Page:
James T. Dixon | Brouse McDowell Ohio’s residential homebuilders and remodelers set themselves up to lose disputes even before projects begin because their contract forms do not comply with Ohio law. Based on the experience of the attorneys in Brouse McDowell’s Construction Practice Group, very few small contractors have compliant forms. Residential construction is governed… Continue reading Ohio’s Homebuilders and Remodelers Must Improve Their Contract Forms
David Adelstein | Florida Construction Legal Updates On a construction project, it’s hard to argue that the involved parties — whether an architect, engineer, contractor, subcontractor, developer, etc. — are not experts in their field, i.e., they all some scientific, technical, or specialized knowledge or skill particular to their industry. However, this does NOT mean when they testify… Continue reading Just Because I May be an “Expert” Does Not Mean I am Giving Expert Testimony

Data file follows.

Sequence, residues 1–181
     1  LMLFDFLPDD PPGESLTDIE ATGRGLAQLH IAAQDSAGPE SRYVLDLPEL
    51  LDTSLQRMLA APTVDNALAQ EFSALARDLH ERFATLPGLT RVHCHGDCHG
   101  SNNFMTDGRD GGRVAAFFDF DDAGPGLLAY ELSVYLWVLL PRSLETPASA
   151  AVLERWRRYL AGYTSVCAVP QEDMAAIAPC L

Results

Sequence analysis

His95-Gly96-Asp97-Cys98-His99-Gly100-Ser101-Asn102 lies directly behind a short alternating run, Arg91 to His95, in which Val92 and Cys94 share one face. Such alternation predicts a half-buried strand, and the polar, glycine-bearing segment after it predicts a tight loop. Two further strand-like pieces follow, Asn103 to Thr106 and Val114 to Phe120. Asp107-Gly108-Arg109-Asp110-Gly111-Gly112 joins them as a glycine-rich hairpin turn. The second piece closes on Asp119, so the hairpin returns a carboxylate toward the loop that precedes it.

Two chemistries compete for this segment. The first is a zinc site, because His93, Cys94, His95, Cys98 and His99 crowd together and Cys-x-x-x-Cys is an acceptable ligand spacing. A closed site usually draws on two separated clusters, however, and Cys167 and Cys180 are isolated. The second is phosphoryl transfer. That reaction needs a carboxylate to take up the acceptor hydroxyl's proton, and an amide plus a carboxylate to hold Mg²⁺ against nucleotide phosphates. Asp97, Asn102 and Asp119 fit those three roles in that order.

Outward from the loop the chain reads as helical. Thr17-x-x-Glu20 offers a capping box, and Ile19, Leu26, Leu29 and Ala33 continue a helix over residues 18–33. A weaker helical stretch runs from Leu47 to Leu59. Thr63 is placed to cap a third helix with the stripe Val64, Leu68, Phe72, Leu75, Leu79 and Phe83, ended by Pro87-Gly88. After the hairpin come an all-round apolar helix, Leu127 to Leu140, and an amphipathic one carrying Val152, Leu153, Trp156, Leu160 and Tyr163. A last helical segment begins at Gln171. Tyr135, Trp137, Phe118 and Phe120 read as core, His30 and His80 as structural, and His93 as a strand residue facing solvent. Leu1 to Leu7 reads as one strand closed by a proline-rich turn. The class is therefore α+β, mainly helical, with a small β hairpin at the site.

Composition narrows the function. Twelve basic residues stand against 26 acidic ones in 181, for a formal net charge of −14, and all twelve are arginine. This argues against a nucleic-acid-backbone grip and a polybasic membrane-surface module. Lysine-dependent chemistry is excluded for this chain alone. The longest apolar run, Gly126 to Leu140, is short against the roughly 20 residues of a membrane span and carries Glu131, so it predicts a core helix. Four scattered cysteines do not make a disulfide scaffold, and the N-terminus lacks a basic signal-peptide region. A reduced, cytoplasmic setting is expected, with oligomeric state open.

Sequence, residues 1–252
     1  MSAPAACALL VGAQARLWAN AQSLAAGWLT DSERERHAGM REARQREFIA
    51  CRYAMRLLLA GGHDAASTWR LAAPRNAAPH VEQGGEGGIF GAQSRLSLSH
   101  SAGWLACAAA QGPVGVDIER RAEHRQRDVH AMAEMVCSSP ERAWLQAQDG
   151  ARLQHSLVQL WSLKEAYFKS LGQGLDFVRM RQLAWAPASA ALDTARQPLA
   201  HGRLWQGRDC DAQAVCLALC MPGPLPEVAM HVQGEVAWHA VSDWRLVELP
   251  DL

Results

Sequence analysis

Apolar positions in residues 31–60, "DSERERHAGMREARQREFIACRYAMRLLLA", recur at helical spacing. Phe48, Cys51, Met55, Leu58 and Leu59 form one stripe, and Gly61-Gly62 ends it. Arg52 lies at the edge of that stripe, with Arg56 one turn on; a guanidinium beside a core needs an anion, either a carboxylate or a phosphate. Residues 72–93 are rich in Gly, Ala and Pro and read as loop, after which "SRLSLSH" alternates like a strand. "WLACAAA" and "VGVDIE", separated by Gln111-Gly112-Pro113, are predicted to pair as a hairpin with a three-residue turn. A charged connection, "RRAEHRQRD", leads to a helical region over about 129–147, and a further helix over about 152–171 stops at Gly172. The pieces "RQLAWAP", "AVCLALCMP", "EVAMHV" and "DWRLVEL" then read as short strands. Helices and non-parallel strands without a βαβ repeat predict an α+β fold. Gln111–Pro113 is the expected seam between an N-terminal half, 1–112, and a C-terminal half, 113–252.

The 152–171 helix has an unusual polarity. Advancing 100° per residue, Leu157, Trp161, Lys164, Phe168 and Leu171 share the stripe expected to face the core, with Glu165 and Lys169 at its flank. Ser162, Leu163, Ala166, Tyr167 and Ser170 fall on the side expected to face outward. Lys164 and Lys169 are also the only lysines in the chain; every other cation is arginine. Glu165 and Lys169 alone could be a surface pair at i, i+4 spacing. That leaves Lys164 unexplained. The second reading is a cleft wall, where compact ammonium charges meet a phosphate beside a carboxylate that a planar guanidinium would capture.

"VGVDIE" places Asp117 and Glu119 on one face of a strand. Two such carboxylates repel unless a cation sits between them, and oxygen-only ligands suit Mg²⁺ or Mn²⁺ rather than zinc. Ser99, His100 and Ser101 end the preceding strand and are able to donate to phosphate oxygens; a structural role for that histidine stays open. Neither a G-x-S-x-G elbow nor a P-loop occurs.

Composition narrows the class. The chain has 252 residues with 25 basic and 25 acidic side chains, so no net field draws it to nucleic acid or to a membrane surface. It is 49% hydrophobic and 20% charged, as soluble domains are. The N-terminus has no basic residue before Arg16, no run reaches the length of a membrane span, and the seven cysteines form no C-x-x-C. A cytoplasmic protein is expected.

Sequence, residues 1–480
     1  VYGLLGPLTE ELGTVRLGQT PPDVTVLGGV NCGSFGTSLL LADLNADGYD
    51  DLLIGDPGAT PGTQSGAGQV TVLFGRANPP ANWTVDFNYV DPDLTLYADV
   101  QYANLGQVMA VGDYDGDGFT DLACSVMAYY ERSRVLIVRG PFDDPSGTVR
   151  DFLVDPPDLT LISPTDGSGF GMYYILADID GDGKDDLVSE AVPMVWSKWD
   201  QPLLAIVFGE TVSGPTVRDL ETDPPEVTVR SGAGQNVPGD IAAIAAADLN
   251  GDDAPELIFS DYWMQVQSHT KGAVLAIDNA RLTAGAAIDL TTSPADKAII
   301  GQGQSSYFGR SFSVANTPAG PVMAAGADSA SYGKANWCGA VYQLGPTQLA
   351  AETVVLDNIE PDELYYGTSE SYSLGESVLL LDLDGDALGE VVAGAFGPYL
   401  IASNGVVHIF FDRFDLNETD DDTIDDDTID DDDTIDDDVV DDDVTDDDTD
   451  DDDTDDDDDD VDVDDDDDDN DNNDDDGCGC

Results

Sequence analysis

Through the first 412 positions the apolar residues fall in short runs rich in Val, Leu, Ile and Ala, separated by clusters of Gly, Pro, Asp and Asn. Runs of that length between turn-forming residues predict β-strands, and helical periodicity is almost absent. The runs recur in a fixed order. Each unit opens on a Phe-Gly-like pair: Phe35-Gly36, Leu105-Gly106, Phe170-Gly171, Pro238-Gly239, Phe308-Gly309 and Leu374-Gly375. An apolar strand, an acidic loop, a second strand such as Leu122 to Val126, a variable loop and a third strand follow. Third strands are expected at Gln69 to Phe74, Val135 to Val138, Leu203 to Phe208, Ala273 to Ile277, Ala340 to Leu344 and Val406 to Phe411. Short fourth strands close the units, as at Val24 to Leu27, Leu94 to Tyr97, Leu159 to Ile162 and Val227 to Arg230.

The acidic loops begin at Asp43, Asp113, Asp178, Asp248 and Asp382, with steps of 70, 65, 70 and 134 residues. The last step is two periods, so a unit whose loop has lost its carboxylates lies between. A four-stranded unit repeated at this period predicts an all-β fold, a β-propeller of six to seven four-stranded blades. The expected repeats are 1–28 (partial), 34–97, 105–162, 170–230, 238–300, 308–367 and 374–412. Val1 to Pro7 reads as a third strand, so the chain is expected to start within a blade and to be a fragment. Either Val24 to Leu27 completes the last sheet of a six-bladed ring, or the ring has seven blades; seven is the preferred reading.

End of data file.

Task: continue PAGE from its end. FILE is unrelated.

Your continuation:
Travis Colburn | Ahlers, Cressman & Sleight A project’s Substantial Completion date is a critical construction milestone for contractors and owners. Depending on the contract, the date of Substantial Completion has project-specific contractual and statutory consequences. Substantial Completion is an “event” – there is no universal definition of the term. It is generally understood to… Continue reading Substantial Completion Explained: What Contractors & Owners Should Know
Emily M. Coffey, Casandra M. Langstaff and J. Daniel Weidner | Koley Jessen What is “Substantial Completion”? In the realm of construction law, the concept of “substantial completion,” also referred to as “substantial performance,” is of critical importance. The point in time at which substantial completion is achieved for a project has a number of… Continue reading What Is “Substantial Completion” and Why Does It Matter?
Garret Murai | California Construction Law Blog First things first. Happy New Year! Hope you had a good one. To start things off in the new year we’ve got an employment-related case for you – Gonzalez v. Mathis, 12 Cal.5th 29 (2021) – a California Supreme Court case involving the Privette Doctrine. For those not familiar… Continue reading California Supreme Court Declines Request to Expand Exceptions to Privette Doctrine for Known Hazards